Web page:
Unless they live where winters are frost-free, gardeners treat geraniums (Pelargonium spp.) as annuals, discarding plants each fall and planting new ones each spring. There's always a new color or foliage form. If you find a plant you like, start new plants from cuttings rather than discarding the plant or nursing it through winter. You'll need starter mix, plastic bags, rooting hormone, a sharp knife and a sunny windowsill.
Garden geraniums (Pelargonium x hortorum), ivy geraniums (Pelagonium peltatum) and scented leaf geraniums (Pelargonium spp.) are all easy to start from cuttings. They are tender perennials, hardy in U.S. Department of Agriculture plant hardiness zones 10 and 11. Keep the plastic pots your geraniums came in from the nursery for cuttings, and pinch plants back all summer long to encourage compact growth and bloom. By August or early September, you should have big, bushy plants with plenty of soft green growth.
Mix any of the following -- vermiculite, perlite or peat moss -- half and half with clean, sharp sand to make a fast-draining starting medium that will hold the cuttings upright. Use nursery pots or any pots with drainage holes on the bottom that will fit inside a gallon-size plastic bag. Purchase a starter rooting hormone powder -- there are several available. Use a dish for dipping cut ends. Make a mixture of rubbing alcohol mixed 50-50 with water or hand sanitizer, and use it to clean cutting tools periodically to avoid spreading pathogens from one pot to the next.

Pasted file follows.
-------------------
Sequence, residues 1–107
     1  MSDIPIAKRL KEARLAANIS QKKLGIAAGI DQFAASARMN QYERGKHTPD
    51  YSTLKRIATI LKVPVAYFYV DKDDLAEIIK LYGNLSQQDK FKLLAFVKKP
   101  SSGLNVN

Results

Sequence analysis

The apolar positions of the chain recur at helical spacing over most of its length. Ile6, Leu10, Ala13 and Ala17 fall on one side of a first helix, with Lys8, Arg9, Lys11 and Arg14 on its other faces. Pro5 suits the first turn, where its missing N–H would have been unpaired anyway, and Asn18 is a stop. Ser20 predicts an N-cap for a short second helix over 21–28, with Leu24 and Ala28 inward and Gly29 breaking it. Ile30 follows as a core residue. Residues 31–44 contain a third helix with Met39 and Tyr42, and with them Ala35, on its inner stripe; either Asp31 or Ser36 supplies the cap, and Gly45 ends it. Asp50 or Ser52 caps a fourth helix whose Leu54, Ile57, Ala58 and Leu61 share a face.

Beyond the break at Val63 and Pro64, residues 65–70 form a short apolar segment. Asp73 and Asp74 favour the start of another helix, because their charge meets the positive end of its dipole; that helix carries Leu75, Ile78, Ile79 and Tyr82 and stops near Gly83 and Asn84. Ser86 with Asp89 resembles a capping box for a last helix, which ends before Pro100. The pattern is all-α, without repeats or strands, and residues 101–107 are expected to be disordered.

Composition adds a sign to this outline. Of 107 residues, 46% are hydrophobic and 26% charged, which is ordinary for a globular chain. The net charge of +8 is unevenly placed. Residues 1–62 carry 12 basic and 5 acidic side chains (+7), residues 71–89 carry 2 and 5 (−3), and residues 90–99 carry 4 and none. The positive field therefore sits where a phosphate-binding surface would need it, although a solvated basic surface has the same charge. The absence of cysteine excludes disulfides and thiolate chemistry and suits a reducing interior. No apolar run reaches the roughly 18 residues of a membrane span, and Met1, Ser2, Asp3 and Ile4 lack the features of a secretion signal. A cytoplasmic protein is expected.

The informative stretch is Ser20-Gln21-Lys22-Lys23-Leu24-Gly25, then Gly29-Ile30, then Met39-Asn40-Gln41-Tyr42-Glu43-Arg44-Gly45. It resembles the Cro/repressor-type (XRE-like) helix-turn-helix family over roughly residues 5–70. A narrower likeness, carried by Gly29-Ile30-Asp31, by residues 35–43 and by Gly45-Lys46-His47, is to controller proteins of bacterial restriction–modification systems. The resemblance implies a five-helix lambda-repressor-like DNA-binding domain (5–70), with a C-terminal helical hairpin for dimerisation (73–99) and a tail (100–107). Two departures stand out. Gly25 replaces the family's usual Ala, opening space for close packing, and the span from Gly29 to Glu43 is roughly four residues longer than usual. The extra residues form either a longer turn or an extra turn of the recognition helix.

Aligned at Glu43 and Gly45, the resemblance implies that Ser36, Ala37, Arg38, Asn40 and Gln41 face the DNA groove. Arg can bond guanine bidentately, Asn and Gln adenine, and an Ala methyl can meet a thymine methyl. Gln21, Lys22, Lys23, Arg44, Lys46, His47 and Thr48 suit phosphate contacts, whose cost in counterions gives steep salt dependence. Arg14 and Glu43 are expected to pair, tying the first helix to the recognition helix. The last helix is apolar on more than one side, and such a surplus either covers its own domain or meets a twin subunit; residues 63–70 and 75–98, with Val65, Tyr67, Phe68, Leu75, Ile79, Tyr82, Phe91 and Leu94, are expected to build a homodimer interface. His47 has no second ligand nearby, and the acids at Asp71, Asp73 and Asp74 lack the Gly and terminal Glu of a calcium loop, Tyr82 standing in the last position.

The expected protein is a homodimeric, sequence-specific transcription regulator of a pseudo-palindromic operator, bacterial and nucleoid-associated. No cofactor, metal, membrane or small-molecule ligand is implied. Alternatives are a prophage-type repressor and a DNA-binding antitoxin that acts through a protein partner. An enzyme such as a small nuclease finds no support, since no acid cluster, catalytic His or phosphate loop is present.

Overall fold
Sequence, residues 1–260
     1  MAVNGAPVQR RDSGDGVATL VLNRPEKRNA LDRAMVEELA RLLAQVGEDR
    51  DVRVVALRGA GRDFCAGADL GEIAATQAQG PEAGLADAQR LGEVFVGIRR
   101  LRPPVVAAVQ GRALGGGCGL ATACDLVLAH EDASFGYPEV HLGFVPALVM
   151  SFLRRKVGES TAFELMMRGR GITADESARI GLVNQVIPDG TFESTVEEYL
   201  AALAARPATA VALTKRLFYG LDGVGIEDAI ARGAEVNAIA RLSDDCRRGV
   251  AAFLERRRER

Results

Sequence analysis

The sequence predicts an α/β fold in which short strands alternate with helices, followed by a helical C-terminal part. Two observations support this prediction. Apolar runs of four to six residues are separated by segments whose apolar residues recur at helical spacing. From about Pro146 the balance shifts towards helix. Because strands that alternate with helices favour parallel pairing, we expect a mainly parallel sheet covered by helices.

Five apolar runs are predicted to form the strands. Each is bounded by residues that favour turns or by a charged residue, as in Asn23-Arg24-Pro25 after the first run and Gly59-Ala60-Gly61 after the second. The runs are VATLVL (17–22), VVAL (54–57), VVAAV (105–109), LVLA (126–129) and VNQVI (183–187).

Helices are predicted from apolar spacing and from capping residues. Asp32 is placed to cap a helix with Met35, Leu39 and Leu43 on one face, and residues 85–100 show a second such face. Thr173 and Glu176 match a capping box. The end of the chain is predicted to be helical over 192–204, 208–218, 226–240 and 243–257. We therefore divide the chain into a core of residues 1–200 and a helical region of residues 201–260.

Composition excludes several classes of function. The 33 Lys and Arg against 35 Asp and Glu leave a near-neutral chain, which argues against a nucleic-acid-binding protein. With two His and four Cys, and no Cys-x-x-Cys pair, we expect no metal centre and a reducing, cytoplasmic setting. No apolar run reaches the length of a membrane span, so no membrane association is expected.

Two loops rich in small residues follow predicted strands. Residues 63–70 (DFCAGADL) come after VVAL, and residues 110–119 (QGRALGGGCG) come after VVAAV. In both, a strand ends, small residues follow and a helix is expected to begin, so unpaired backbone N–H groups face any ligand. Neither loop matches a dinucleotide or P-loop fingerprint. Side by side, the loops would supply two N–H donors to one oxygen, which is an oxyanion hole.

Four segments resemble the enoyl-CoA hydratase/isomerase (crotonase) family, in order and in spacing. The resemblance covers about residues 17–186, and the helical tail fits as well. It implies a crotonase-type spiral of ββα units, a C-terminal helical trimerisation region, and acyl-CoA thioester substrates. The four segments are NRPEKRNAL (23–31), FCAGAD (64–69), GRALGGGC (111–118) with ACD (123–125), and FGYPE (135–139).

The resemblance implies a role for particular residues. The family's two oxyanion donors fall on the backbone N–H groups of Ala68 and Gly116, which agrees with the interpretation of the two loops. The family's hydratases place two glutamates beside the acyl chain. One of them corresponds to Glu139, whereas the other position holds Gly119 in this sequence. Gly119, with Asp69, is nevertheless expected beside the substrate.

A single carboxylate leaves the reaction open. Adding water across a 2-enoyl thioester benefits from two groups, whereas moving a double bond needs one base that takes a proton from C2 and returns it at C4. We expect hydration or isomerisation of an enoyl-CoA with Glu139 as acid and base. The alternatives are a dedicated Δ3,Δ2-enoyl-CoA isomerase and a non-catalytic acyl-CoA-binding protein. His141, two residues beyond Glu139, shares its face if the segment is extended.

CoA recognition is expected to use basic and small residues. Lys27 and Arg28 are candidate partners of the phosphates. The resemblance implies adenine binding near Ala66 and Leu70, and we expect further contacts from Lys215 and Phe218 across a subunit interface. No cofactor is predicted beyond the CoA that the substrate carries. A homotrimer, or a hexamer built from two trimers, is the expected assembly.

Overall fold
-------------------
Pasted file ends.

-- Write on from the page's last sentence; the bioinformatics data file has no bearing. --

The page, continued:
Bring geraniums in when nighttime temperatures fall below 50 degrees Fahrenheit and before central heating kicks in. In cooler areas, pot them up and bring them in at least a week before the furnace goes on for the first time, so they can acclimate to the drier indoor air. Put the plants in a sunny window and keep their soil moist, not soaked. Fill pots with starting medium and tap the pots to settle the contents.
Take 3- to 5-inch cuttings from growing branch tips, cutting below a knobby “node” where leaves sprout. Nonflowering cuttings root most easily, but you can also root flowering branches -- just pinch off flowers at the stem. Pinch or cut all the leaves from the cutting, leaving only three to four leaves on its end. Lightly touch the cut end to the powder in the dish; make a hole in the medium with a pencil, and plant the cutting. You can put several “starts” in one pot, but don't let their leaves touch.
Place your starter pots on a tray and water the medium until moist. Cover each pot with a plastic storage bag -- supported with a straw to keep the plastic off the leaves. Put your mini-nursery in a bright, warm place to root. If condensation forms on the bag, air out the plants. Check for soil moisture weekly, and sprinkle when necessary. In four to six weeks, or when cuttings resist a tug, they're mature enough to pot individually in a potting mix and put on a sunny window ledge until spring.
- Missouri Botanical Garden: Pelargonium X Hortorum
- Missouri Botanical Garden: Pelargonium Peltatum
- Missouri Botanical Garden: Pelargonium (Scented-Leaved Group)
- Missouri Botanical Garden: Pelargonium X Domesticum
- University of Nebraska at Lincoln Backyard Farmer: Overwintering Geraniums and Propagating Geraniums by Cuttings
- University of Vermont Extension: Rooting Cuttings